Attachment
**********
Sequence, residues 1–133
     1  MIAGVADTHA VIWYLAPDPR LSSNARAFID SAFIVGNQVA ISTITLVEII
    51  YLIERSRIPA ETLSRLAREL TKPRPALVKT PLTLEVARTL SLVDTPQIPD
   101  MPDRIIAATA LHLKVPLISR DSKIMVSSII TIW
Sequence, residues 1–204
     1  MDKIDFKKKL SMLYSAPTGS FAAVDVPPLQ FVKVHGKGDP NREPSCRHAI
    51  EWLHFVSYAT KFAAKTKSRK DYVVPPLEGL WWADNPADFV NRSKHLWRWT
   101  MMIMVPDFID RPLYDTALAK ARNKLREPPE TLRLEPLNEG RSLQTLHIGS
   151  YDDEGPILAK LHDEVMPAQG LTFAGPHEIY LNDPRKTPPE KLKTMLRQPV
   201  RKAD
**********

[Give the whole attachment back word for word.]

Sequence, residues 1–133
     1  MIAGVADTHA VIWYLAPDPR LSSNARAFID SAFIVGNQVA ISTITLVEII
    51  YLIERSRIPA ETLSRLAREL TKPRPALVKT PLTLEVARTL SLVDTPQIPD
   101  MPDRIIAATA LHLKVPLISR DSKIMVSSII TIW
Sequence, residues 1–204
     1  MDKIDFKKKL SMLYSAPTGS FAAVDVPPLQ FVKVHGKGDP NREPSCRHAI
    51  EWLHFVSYAT KFAAKTKSRK DYVVPPLEGL WWADNPADFV NRSKHLWRWT
   101  MMIMVPDFID RPLYDTALAK ARNKLREPPE TLRLEPLNEG RSLQTLHIGS
   151  YDDEGPILAK LHDEVMPAQG LTFAGPHEIY LNDPRKTPPE KLKTMLRQPV
   201  RKAD